However, Canada’s regulated banking sector (comparatively conservative among G8 countries), pre-crisis federal government budget surpluses and long-term public debt reduction policies have allowed for a less severe recession than in other G8 countries. Since 2015, the Canadian economy has largely stabilised and experienced a modest return to growth, although the country continues to be affected by volatile oil prices, sensitivity to the Eurozone crisis and a higher than average unemployment rate. The federal government and many Canadian industries have also begun to expand trade with emerging Asian markets to diversify exports; Asia is now Canada’s second largest export market after the United States. In particular, the much-discussed pipeline proposals are expected to increase exports of Canadian oil reserves to China.

Entry Requirements For Canada

Visa & Passport for Canada

Citizens of the following countries do not require a visa to visit Canada for a stay of (usually) up to six months, provided they are not working or studying and the traveller has a passport valid for six months beyond the date of intended departure:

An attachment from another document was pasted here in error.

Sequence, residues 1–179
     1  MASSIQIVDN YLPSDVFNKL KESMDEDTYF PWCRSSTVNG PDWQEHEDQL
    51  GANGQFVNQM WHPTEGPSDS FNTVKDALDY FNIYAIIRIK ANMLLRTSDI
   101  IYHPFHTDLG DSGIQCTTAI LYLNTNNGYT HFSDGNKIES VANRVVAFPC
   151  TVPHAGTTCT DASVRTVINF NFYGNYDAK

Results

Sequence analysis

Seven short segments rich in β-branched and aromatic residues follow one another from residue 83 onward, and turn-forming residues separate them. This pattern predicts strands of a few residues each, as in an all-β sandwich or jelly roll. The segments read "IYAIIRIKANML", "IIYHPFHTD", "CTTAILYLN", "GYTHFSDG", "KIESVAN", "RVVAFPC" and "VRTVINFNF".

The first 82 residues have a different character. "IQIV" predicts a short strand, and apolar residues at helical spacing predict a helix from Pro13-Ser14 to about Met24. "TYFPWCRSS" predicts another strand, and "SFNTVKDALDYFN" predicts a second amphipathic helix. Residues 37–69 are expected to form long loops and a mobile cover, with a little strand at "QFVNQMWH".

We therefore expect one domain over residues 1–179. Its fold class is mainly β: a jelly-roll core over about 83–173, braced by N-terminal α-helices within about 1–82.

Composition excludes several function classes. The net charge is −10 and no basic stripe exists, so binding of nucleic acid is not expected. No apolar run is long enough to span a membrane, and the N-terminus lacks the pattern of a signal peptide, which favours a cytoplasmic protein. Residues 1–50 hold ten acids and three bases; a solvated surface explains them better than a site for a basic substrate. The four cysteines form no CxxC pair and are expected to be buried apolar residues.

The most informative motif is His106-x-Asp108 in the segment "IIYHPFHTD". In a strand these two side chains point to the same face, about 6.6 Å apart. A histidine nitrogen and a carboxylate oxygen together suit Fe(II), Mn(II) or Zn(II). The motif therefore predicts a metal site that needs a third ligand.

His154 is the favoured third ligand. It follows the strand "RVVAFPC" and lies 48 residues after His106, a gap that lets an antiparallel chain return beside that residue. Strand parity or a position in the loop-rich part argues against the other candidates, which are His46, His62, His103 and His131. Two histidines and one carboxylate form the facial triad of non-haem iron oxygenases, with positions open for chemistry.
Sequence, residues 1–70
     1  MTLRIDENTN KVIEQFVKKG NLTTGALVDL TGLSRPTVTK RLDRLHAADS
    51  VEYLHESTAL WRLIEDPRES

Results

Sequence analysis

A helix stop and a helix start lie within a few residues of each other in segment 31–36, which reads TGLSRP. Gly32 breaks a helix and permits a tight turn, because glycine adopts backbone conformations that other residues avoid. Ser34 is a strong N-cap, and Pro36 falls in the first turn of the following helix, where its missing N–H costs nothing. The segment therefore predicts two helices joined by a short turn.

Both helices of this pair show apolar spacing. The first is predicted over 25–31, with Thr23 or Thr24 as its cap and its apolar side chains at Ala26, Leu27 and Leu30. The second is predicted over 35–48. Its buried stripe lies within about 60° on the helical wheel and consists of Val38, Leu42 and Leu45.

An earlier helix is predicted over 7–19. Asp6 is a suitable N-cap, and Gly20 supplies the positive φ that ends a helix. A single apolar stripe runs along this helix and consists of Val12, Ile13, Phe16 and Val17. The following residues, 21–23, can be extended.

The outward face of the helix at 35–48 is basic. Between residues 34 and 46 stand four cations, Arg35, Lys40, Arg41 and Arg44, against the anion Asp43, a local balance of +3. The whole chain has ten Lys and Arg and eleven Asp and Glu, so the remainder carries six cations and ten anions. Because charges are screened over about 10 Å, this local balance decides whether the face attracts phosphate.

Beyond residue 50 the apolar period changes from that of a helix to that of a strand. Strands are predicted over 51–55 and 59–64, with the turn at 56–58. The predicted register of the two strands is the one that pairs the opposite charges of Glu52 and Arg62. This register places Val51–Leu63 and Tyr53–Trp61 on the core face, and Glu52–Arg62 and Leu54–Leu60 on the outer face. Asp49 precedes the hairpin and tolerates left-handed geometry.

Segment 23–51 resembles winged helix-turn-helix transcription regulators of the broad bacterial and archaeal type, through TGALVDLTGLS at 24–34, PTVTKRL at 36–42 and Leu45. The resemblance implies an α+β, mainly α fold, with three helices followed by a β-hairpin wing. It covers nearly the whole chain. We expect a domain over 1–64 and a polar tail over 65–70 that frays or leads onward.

Andorra, Anguilla, Antigua and Barbuda, Australia, Bahamas, Barbados, Belgium, Bermuda, British Virgin Islands, Brunei, Cayman Islands, Chile, Denmark, Estonia, Falkland Islands, Finland, France, Germany, Gibraltar, Greece, Holy See, Hong Kong (BNO passport or SAR passport), Iceland, Ireland, Israel (national passport holders only), Czech Republic, Hungary, Cyprus, Italy, Japan, Latvia, Lithuania (biometric passports only), Liechtenstein, Luxembourg, Malta, Mexico, Monaco, Montserrat, Netherlands, New Zealand, Norway, Papua New Guinea, Pitcairn Islands, Poland (biometric passports only), Portugal, Samoa, San Marino, Singapore, Slovakia, Solomon Islands, South Korea, Spain, St. Helena, Sweden, Slovenia, South Korea. Helena, Sweden, Slovenia, Switzerland The United Kingdom (including British citizens (overseas) who are allowed to re-enter the United Kingdom) and the United States.